Chill some metal teaspoons or some used tea bags (chamomile or green tea works well) in the fridge. Place the cold teabags on closed eyes for 10-15 minutes, or use the back of the spoons to gently massage the skin around your eyes. The cooling effect causes the tightening of blood vessels, helping ease puffiness and dark circles, while light massaging triggers circulation helping to combat swelling due to the fluid trapped under the skin.

Raid your vegetable crisper

Yes, the trusty cucumber slices work! Cucumber has astringent and anti-inflammatory properties that help ease under eye bags. But did you know potato can also be an effective anti-inflammatory? Use in the same way you would slices of cucumber - cool, slice, and leave on closed eyes for 10 to 15 minutes.

Get some caffeine

Use an eye cream that includes caffeine in its ingredient list. Caffeine constricts blood vessels and can help reduce dark shadows under the eyes. Store eye cream in the fridge for an extra soothing cooling effect!

Kari Shelton
New Collection: Salvatore Ferragamo

Salvatore Ferragamo men’s optical and sun collection now available at Eyes on Oxford!

Salvatore Ferragamo is one of the world’s best known Made in Italy luxury brands. The Eyewear collection uses iconic elements from the Salvatore Ferragamo brand heritage, such as Gancino, Vara and prints. The use of innovative shapes and materials create a balance between the strong historical roots and new modern interpretations.

Kari Shelton
Optical Extras? Use them before they melt away away Dec 31st.
Optical extras

With the end of the year approaching, now's the time to start thinking about using any remaining optical benefits before they disappear!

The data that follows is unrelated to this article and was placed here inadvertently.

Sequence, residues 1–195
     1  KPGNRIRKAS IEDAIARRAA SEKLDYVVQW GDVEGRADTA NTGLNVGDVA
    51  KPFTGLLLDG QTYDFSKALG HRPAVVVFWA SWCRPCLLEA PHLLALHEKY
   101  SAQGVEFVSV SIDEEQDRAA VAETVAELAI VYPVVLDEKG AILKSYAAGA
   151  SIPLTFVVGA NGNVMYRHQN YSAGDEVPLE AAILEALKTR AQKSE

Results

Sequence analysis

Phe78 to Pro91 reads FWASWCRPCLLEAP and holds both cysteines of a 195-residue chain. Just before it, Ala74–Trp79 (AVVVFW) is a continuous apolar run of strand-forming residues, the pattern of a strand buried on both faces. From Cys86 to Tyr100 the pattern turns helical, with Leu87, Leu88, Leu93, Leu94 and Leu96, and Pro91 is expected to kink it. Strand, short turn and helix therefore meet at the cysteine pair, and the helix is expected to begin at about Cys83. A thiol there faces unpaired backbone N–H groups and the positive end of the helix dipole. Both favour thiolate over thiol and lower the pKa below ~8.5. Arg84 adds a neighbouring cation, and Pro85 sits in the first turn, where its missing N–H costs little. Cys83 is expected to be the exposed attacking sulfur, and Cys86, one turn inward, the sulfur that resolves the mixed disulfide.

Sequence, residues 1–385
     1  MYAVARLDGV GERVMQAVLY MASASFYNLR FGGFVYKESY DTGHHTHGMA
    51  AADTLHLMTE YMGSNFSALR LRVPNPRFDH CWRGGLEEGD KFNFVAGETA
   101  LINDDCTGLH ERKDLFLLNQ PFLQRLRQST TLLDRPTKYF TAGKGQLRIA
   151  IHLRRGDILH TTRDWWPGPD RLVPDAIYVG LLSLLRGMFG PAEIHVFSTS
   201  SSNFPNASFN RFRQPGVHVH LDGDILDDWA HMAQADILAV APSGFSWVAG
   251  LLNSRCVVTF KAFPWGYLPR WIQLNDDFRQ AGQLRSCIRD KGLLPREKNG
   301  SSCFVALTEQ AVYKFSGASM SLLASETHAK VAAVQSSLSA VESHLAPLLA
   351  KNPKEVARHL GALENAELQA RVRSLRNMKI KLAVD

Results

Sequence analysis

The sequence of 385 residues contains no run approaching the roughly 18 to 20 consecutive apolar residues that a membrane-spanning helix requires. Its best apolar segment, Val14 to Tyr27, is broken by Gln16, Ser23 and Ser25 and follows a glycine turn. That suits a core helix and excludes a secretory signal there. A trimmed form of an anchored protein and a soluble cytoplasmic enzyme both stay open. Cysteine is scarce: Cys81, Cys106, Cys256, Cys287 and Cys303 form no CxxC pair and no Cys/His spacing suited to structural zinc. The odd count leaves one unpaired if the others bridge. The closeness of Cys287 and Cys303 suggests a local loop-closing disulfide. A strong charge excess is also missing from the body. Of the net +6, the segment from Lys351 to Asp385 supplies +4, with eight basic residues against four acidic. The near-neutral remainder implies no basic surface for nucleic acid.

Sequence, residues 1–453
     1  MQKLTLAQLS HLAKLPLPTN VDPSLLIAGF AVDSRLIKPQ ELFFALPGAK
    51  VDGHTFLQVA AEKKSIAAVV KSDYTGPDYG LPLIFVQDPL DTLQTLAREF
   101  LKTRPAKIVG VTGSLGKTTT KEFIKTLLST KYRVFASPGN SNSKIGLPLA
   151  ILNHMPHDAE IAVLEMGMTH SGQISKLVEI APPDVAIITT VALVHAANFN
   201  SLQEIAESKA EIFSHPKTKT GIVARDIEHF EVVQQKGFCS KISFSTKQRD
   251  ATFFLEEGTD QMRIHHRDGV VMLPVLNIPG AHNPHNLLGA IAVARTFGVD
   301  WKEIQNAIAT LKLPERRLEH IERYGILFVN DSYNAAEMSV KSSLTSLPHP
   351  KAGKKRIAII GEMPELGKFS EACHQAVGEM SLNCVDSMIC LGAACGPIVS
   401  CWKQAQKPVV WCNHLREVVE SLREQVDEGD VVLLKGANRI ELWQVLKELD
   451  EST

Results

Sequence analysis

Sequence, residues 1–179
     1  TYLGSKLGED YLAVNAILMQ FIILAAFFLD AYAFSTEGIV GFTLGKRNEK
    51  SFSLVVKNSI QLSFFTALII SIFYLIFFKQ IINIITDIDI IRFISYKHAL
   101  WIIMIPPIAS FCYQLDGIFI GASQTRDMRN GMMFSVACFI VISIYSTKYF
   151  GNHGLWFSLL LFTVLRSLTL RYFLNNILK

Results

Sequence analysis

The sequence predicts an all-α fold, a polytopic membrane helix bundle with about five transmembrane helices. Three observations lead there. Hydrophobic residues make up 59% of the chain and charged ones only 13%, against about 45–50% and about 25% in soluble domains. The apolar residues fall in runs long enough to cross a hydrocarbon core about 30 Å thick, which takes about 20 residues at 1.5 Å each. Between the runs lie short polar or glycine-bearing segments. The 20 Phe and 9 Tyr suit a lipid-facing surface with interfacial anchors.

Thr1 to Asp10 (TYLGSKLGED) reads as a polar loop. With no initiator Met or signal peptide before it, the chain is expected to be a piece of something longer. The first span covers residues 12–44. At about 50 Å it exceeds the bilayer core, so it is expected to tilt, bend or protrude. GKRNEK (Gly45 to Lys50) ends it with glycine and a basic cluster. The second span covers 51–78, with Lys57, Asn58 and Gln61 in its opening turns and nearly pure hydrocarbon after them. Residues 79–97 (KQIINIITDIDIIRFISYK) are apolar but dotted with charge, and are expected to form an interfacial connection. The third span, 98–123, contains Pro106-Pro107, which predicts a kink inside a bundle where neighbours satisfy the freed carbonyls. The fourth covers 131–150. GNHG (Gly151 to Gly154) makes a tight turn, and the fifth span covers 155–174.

We're here to help you make the most out of your annual health fund extras by using our expertise to recommend the best eyewear options for your visual needs and lifestyle. Could do with a back up pair? Or some UV protection with your latest prescription?

See us before the end of the year to find eyewear to complement what you already have or create a new look.


Due for another re-check?

Give us a call on 9242 2342 or click the button below to book online.

Kari Shelton
What's in for Spring?

Get the goss on what’s in for this spring/summer season, including new trends and popular looks that we’ll see stick around.

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Coloured Translucents

The translucent trend is here to stay! In addition to the neutral tones we’ve seen over the last season, there’s a growing array of coloured translucents for a more bolder look.

Frames Within a Frame

Designers are mixing materials and tinting translucent acetates to create a ‘frame within a frame’ look, in both subtle and striking styles.

Geometric Shapes

Sharper, bolder geometric silhouettes are coming into play including octagonal and hexagonal shapes.

Minimalist Metals

Think retro inspired, no-fuss metal frames. From the popular round shapes of the 90s to the double bridge aviators of the 70s.

Kari Shelton
New Collection: Say hello to Chloé

Chloé has arrived! Eyes on Oxford now stock a selection of Chloé optical frames and sunglasses.

The French fashion powerhouse embraces the characteristics of femininity, modernity, grace and effortlessness.

The new collection incorporates geometric shapes, with gold, pastel and neutral shades.
Each style plays with shape and volume ranging from retro to aviation, oversized to timeless.

Kari Shelton
Four ways to care for your eyes this hay fever season

It’s that time of year, when hay fever is in full force! Help ease your allergy symptoms this Spring with the following tips:

  1. Use preservative-free lubricant drops to help provide some relief for your eyes. There are also a number of effective over the counter drops for allergies, however, it’s best to consult an optometrist to check what option is best for you.